The anticipated normalisation of earnings for the rubber products sector has begun as the supernormal earnings are in their final legs, says RHB Group Research analysts.
In a Sept 28 note, analyst Sean Chew maintains “neutral” on the rubber products sector, with a “neutral” recommendation on six out of the eight regional stocks covered as the expectation of average selling price (ASP) moderation has been largely priced in.
The selling prices of rubber gloves have fallen from the highs, with current ASPs of nitrile and latex gloves ranging between US$40 to US$45 and US$30 to US$35 respectively per 1,000 pieces.
Due to this, RHB is trimming its normalised price assumption per 1,000 pieces to US$27 for nitrile and US$21 for latex. This is based on the expectations that prices will revert back to the cost-plus basis, says Chew.
“Glove capacity expansion plans are dependent on supply and demand dynamics, which in turn determine selling prices. Listed glove manufacturers under our coverage are expected to expand their production capacity to 319 billion pieces per annum by 2023.
“Given the quicker-than-expected price erosion, we believe glove makers may decide to scale back on their expansion plans to prevent the risk of oversupply and suboptimal utilisation rates,” says Chew.
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However, if non-Malaysian manufacturers proceed with their aggressive expansion, the Malaysian manufacturers would suffer in market share loss. This may result in the latter reacting by continuing their expansion and possibly under-pricing their products, says Chew.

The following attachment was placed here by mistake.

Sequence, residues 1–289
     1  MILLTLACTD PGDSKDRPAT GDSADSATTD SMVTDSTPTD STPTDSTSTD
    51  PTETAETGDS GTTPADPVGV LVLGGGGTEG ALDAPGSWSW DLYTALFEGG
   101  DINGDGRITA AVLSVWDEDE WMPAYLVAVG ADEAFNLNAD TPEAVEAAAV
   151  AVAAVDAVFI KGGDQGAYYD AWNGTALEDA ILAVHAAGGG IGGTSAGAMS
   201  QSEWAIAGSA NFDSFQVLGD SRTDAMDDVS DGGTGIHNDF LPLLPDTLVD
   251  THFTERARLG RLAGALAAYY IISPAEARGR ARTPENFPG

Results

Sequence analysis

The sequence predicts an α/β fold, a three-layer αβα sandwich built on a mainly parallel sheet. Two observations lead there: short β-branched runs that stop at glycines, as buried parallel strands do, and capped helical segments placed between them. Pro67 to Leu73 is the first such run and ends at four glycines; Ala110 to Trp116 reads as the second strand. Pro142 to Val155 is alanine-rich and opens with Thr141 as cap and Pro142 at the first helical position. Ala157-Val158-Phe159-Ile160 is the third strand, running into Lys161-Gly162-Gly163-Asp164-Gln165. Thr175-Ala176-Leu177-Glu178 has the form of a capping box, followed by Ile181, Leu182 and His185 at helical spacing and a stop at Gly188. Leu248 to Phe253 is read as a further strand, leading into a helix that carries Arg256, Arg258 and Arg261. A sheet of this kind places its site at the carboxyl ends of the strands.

“Additionally, manufacturers are likely to prioritise clearing their high-cost inventory when ASPs trend south, with prices overshooting downwards before settling at a higher equilibrium. As such, prices could fall below our expectations and pose a margin compression risk to our forecast,” he adds.
RHB believes that a steeper price war resulting in prices falling to cost-efficient levels could prompt a further sector de-rating.
By collating publicly announced expansion plans by various manufacturers and conducting a supply and demand analysis, RHB found that an oversupply scenario is unlikely to happen for the next two years. The dynamics, however, may be close to parity in 2023.
Given the sharp moderation in share prices recently, RHB believes the aforementioned factors have largely been accounted for, with domestic institutions heavily reducing their exposure for the past few months.
“That being said, we have yet to see value or catalysts to rerate the sector and the balance of risks still remain tilted towards the downside,” says Chew.
In the Malaysia space, RHB favours Top Glove, given its entrenched market leadership. Additionally, Top Glove’s exposure to latex gloves (49% of FY21 sales volume) points to lesser price competition versus its pure-nitrile peers.
In the Singapore space, the firm likes Riverstone, as the downtrend in healthcare glove ASP will partly be cushioned by its higher-margin cleanroom segment which continues to enjoy demand arising from the growing tech manufacturing and pharmaceutical sectors.
RHB maintains Riverstone at “neutral” with a new target price of 95 cents, representing a 4% upside. The firm’s analyst cut its FY22F to FY23F earnings by 71% and 55% after revising its ASP assumptions.
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The firm also incorporated a 2% environmental, social and governance (ESG) discount to its target price, as RHB’s proprietary methodology found that Riverstone’s ESG is below the country mean.
RHB also remains “neutral” for UG Healthcare, with a lower discounted cash-flow-derived target price of 37 cents. After revising its ASP assumptions, the RHB analyst slashed its FY22F to FY23F earnings by 27% and 18%. The firm ascribed a 6% ESG discount to the target price as UG Healthcare’s ESG stands below the country mean.
As at 2.45pm, shares in Riverstone are trading 0.552% lower at 90 cents. Meanwhile, shares in UG Healthcare are trading at 2.89% higher at 35.5 cents.